Of approximately 200 individual Google employee political contributions to political candidates in 2004, 2002 and 2000, all but six went to Democrats, Democratic Party organizations and Democrat-supporting organizations such as One $250 contribution went to Ralph Nader, one went to President Bush’s campaign and three went to Utah Republican Sen. Orrin Hatch’s campaigns.

Google Chairman and Chief Executive Officer Eric Schmidt was by far the biggest benefactor, giving $100,000 to the Democratic National Committee in 2000, $25,000 to the Democratic Congressional Campaign Committee in 2004, as well as maximum $2,000 contributions to 2004 Democratic presidential candidates Sens. John Kerry and Joe Lieberman, Gov. Howard Dean and Rep. Richard Gephardt.

Schmidt also gave $11,000 to the Democratic Senatorial Campaign Committee in 2000, according to records of the FEC, as well as tens of thousands more to a variety of other Democratic candidates including Sen. Hillary Rodham Clinton of New York.

Besides his cash contributions to Kerry in 2004, Schmidt formally endorsed the Democratic candidate for president after he got the party’s nomination.

Google Products Manager Laura A. Debonis was another big giver to the Democratic cause, offering up $25,000 to the DNC in 2004 and another $10,000 to the New Hampshire Democratic State Committee, though she lives in San Francisco.

David Drummond, a Google executive, also gave $23,000 to the DNC in 2004.

But the most striking thing about the list of Google political activists is the one-sided nature of the giving. From programmers to engineers to scientists to business development staff to general managers, there is near unanimity in support of Democrats and Democrat organizations.

Earlier this week, a conservative political action committee charged Google with bias in its advertising policies when an ad criticizing Democratic House Minority Leader Nancy Pelosi was rejected, though it included the same verbiage as an ad previously posted on Google attacking Republican House Majority Leader Tom DeLay. Later, Google explained neither ad should have run.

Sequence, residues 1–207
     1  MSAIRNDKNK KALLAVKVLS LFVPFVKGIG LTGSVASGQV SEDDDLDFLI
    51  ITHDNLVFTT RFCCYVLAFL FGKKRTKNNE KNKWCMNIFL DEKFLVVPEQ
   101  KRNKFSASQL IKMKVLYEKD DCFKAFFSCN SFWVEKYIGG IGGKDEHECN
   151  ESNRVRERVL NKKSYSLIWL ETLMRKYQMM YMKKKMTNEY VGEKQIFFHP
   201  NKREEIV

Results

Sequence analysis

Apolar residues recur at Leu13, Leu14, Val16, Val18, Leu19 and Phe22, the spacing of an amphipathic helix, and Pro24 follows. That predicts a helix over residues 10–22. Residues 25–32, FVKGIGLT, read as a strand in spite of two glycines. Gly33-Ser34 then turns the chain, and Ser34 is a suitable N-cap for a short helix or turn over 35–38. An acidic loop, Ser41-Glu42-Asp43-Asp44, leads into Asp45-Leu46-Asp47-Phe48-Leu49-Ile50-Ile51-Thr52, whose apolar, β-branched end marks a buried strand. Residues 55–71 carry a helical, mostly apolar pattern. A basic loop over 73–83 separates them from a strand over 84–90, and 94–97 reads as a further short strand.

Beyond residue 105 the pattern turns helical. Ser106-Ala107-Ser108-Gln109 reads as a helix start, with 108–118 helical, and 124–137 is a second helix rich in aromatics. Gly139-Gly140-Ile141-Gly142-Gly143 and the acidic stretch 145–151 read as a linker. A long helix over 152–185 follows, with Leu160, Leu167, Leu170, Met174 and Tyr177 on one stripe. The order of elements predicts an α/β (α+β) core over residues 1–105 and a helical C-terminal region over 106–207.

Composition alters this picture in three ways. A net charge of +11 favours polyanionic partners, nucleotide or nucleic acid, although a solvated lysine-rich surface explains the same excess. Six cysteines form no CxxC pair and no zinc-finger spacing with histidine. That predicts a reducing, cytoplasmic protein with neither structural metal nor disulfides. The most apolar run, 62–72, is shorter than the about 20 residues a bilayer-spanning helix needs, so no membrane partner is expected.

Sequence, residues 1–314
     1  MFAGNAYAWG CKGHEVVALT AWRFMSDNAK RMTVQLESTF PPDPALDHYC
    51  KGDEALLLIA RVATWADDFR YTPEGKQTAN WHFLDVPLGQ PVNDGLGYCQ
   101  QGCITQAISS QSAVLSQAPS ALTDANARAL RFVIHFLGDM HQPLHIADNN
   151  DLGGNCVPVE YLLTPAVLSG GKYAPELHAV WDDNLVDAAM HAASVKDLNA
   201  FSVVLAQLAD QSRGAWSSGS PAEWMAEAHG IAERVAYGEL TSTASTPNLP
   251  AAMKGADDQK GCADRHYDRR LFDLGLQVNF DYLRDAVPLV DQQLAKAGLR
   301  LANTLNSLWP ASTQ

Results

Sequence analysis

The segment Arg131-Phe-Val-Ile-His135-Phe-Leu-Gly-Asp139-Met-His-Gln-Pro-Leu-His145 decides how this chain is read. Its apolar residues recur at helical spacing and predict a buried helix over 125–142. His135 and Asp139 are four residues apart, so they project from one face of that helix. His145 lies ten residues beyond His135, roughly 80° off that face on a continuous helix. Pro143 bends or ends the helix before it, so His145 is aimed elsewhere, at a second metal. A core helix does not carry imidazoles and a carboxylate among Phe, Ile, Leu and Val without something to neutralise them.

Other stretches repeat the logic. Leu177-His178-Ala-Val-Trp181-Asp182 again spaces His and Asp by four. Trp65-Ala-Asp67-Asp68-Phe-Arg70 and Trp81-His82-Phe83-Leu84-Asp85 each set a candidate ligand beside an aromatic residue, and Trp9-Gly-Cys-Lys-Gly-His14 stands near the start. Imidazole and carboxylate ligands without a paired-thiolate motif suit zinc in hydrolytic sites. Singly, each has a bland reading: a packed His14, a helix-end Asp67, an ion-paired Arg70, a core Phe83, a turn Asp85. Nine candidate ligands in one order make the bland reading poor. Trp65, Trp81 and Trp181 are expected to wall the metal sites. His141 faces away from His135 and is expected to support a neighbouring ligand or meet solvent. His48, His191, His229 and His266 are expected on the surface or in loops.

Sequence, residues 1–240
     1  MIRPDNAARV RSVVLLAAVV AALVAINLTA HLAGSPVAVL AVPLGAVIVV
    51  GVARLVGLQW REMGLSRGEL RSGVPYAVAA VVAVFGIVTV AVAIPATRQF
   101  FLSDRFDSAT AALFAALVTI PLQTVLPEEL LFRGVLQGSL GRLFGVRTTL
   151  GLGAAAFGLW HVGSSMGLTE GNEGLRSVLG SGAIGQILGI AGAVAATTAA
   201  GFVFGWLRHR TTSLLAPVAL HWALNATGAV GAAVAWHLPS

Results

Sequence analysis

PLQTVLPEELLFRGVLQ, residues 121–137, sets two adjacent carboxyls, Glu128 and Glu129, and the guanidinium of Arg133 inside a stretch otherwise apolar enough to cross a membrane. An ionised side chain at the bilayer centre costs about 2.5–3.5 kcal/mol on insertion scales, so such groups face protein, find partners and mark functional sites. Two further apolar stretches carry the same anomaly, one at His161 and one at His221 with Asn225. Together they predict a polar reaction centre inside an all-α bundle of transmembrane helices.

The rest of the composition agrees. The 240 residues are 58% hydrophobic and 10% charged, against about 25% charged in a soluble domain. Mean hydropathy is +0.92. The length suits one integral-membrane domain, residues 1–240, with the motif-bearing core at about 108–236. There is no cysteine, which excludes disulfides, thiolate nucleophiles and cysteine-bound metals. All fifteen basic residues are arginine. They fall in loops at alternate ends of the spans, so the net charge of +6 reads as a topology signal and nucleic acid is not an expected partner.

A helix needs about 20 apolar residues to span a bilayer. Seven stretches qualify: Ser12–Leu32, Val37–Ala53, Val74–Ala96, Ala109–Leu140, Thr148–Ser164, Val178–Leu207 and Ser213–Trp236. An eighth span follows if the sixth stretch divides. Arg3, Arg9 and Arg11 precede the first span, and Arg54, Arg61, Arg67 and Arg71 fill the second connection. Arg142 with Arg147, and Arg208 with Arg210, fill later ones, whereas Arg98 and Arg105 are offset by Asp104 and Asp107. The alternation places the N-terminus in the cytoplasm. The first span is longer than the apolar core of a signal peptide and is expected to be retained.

The group said after placing the ad taking on Pelosi, the Democratic House minority leader, Google informed the group it “does not permit ad text that advocates against an individual, group or organization” and said the ad had been pulled.

“The internet public relies on Google’s objectivity to produce unbiased results from its search engine, including its AdWords,” claimed Larry Ward, CEO of Interactive Political Media, Inc., the top Internet political advertising agency in Washington. “As the leader and most recognized brand on the Internet, Google has an obligation to its users and investors to provide unbiased content, especially when that content is political in nature.”

Ward said, “It is a sad day for the Internet when we must label search engines like Google as a left wing or right wing.”

Mike Mayzel, a spokesman for Google, said both the anti-Pelosi ad and the anti-DeLay ad are gone.
“Both ads were taken down,” he told WND. “Any assertion to the contrary is false. As soon as an ad is reviewed and found to be in violation of our policies, we take it down as soon as possible. Any suggestion we would leave some ads up longer than others for reasons of political bias is false.”

In addition, earlier this week, WorldNetDaily reported Google has announced it is getting ready to begin ranking news searches by “quality rather than simply by their date and relevance to search times,” giving preference to big news agencies such as CNN and the Associated Press – both news organizations that have been criticized for pro-Democrat bias.

Google reported earnings of $1.256 billion for the first quarter of 2005 – up 93 per cent over the equivalent quarter for last year.

A survey of other high-tech companies’ political contributions shows Google is exceptional in its lop-sided contributions to Democrats. Microsoft was the biggest tech donor to political causes and campaigns in 2004 with some $3.1 million political action committee money disbursed – more than half going to Republicans.

Overall, 53 percent of high-tech industry contributions went to Democrats in 2004, according to the Center for Responsive Politics, a liberal group that tracks campaign spending and contributions.
Google has in the past declined to discuss employee campaign contributions. Emails to several company executives went unanswered.

I know this is old – but it was news to me.